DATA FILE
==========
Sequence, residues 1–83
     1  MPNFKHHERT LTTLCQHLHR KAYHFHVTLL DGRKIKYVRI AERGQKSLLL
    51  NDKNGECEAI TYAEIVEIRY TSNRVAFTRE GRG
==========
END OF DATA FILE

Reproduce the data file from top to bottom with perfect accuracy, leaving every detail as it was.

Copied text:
Sequence, residues 1–83
     1  MPNFKHHERT LTTLCQHLHR KAYHFHVTLL DGRKIKYVRI AERGQKSLLL
    51  NDKNGECEAI TYAEIVEIRY TSNRVAFTRE GRG